Interpreting An Insurance Policy – It Can Be Tough

Dallas insurance attorneys will run across situations wherein it is hard to understand and advise how the law applies based on the facts of the case when applied to the policy language.
The United States District Court, N. D. Oklahoma, issued an opinion in July 2013 that illustrates how complicated it can sometimes be to advise a client. The style of the case is O’Farrell v. State Farm. Here is some relevant information:
O’Farrell and State Farm, both, filed motions for summary judgment. The parties dispute whether Oklahoma or Texas insurance law applies to plaintiff’s claim for underinsured motorist (UIM) benefits, and they agree that the choice of law issue is dispositive. Plaintiff Patricia O’Farrell, in her capacity as the personal representative of the Estate of Samuel Joseph Dash (the Estate), argues that Oklahoma law applies and an insured’s own vehicle qualifies as an “uninsured motor vehicle” as a matter of law. Defendant contends that Texas law applies and an exclusion in the policy providing that the insured’s vehicle is not an uninsured motor vehicle is enforceable under Texas law.
On June 24, 1994, State Farm issued an automobile insurance policy to Curtis and Elisabeth Callaway. The application was completed at the office of State Farm agent Roland Gladden in Odessa, Texas, and the Callaways resided in Odessa when the policy was issued. The Callaways moved to Midland, Texas in 2004. From the date of the issuance of the policy, all premium notice renewals and any other correspondence was sent to the Callaways at an address in Texas. The policy plainly states that “[t]he Auto(s) or Trailer(s) described in this policy is principally garaged at the address shown unless otherwise stated.” The Callaways added a 1998 Ford Expedition to the policy with an effective date of coverage of May 2, 2003. Curtis Callaway died on April 21, 2004, but Elisabeth Callaway maintained coverage of the Expedition after his death. Elisabeth Callaway died on February 27, 2012, and the policy remained in effect until April 25, 2012. The address shown on the declarations page for the policy period between February 17, 2012 until the policy terminated on April 25, 2012 was 2804 Purple Sage Trail, Midland, Texas, and this is where the Expedition was principally garaged during that time period.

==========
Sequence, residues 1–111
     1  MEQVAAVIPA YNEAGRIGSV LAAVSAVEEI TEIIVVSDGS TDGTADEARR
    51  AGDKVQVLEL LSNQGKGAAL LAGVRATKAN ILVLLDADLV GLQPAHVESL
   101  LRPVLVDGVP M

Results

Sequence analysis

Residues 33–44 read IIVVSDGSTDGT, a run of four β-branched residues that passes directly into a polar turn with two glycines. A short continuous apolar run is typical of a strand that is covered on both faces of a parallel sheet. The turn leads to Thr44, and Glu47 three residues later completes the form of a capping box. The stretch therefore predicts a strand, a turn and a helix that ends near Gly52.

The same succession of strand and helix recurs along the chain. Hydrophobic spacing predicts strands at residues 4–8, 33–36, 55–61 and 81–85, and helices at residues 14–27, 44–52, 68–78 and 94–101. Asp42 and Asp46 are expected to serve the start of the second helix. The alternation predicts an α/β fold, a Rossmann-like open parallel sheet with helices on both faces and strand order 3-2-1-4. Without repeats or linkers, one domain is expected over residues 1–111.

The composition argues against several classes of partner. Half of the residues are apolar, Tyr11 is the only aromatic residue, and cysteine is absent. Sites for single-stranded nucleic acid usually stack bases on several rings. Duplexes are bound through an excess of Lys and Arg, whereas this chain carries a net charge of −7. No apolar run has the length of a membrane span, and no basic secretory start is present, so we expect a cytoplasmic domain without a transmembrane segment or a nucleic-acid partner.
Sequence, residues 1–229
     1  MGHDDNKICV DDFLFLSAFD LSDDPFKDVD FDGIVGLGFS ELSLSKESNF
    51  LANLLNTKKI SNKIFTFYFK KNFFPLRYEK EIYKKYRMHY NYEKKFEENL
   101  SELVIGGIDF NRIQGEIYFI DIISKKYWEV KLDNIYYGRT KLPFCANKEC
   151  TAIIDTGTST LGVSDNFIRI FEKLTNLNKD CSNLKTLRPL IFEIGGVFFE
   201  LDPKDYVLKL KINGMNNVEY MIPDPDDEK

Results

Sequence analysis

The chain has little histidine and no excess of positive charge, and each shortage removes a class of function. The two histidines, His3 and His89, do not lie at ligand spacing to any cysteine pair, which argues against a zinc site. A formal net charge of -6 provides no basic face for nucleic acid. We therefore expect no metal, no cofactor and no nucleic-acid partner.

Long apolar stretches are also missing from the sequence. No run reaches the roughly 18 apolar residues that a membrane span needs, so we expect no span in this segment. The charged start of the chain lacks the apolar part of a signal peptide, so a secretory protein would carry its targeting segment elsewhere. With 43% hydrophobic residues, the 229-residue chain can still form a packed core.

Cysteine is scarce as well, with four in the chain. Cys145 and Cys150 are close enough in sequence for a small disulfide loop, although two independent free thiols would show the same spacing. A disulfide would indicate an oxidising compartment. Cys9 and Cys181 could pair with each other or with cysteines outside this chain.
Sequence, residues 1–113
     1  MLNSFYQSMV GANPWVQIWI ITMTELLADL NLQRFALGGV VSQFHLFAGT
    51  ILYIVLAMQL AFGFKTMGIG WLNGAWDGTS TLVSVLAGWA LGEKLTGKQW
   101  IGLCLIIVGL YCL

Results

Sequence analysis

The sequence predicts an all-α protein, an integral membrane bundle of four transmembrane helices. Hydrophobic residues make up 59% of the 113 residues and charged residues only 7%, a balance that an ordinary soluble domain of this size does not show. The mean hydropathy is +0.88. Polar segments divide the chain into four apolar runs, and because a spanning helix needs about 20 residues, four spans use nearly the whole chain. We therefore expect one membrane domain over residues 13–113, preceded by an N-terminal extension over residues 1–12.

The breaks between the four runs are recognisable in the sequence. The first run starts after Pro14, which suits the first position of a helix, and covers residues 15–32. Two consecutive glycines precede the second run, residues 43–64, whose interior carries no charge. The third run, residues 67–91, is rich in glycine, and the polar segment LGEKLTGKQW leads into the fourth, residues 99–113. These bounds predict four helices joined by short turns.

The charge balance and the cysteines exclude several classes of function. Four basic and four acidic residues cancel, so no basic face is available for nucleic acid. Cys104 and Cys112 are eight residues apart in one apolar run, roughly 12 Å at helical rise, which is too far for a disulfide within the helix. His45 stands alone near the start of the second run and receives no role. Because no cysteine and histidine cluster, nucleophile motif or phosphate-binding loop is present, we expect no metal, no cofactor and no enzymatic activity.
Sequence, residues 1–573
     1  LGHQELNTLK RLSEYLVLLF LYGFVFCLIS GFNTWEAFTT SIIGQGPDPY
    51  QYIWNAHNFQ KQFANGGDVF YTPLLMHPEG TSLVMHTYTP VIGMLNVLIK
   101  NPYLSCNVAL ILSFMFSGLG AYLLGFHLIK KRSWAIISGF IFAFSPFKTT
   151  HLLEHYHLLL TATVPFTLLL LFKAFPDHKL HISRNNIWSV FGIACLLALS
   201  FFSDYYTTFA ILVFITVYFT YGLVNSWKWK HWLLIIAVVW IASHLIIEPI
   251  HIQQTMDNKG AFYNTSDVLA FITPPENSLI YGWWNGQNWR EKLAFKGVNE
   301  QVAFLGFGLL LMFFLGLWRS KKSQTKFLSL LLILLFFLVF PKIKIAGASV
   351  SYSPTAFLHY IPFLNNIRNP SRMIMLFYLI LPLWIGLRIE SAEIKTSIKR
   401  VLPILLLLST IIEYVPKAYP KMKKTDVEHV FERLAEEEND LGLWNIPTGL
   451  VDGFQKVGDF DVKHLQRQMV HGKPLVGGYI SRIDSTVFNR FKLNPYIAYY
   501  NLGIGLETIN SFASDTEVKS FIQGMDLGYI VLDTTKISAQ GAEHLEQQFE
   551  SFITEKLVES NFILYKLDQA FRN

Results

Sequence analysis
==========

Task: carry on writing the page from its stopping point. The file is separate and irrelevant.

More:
In September 2010, Elisabeth Callaway loaned the Expedition to her grandson, Justin Gibson, for his use while he was home on leave from military duty. While he was overseas on military duty, Gibson stored the Expedition at the home of his other grandmother, Mary Campbell, in Stigler, Oklahoma. Gibson had been staying at Campbell’s home since 2000 and he treated it as his residence while he was on leave. Neither Elisabeth Callaway nor Gibson notified State Farm that Gibson had taken the Expedition to Oklahoma or that he would be storing the vehicle in Oklahoma. Gibson was not added as a driver on the policy and he did not obtain his own insurance for the Expedition. In February 2012, Elisabeth Callaway completed an Application for Texas Certificate of Title Seller, Donor, or Trader’s Affidavit, but there is no evidence showing that the application was filed. Gibson states that he was “short on money, and was waiting for his next paycheck to get everything switched over.” Even though the application for a Texas title was not filed, plaintiff claims that ownership of the Expedition had transferred to Gibson in February 2012.
On March 25, 2012, Gibson allowed Brian Cripps to drive the Expedition, and Samuel Dash was a passenger in the Expedition. The Expedition was involved in a single- vehicle rollover accident and Dash was killed. At the time of the accident, the Expedition was registered in Texas and it was titled in Texas to Curtis and Elisabeth Callaway. State Farm received notice of the accident and learned for the first time that Gibson had maintained possession of the Expedition in Oklahoma since September 2010. State Farm paid the maximum limit of liability coverage of $100,000 to the Estate. The Estate subsequently submitted a claim for UIM benefits under Callaway’s policy. The policy had a $100,000 limit for underinsured motorist claims. State Farm agreed to “pay damages which a covered person is legally entitled to recover from the owner or operator of an uninsured motor vehicle because of bodily injury sustained by a covered person, or property damage, caused by an accident.” The term “covered person” means “[y]ou or any family member [or][a]ny person occupying your covered auto.” The policy states that “uninsured motor vehicle does not include any vehicle or equipment … [o]wned by or furnished or available for the regular use of you or any family member….” The insured was also required to notify State Farm of any changes that could affect the insurance premium, including additional operators using the insured vehicle or a change in the “place of the principal garaging” of the insured vehicle. The policy states that it “contains all the agreements between you and us. Its terms may not be changed or waived except by endorsement issued by us.”
Now – let’s call time out.
As can be seen by the fact pattern, these situations can get complicated. The ruling came down in favor of State Farm in this particular case, but it might not take much change in the fact pattern to make the outcome different and goes to illustrating why an experienced Insurance Law Attorney needs to be involved in these types of cases.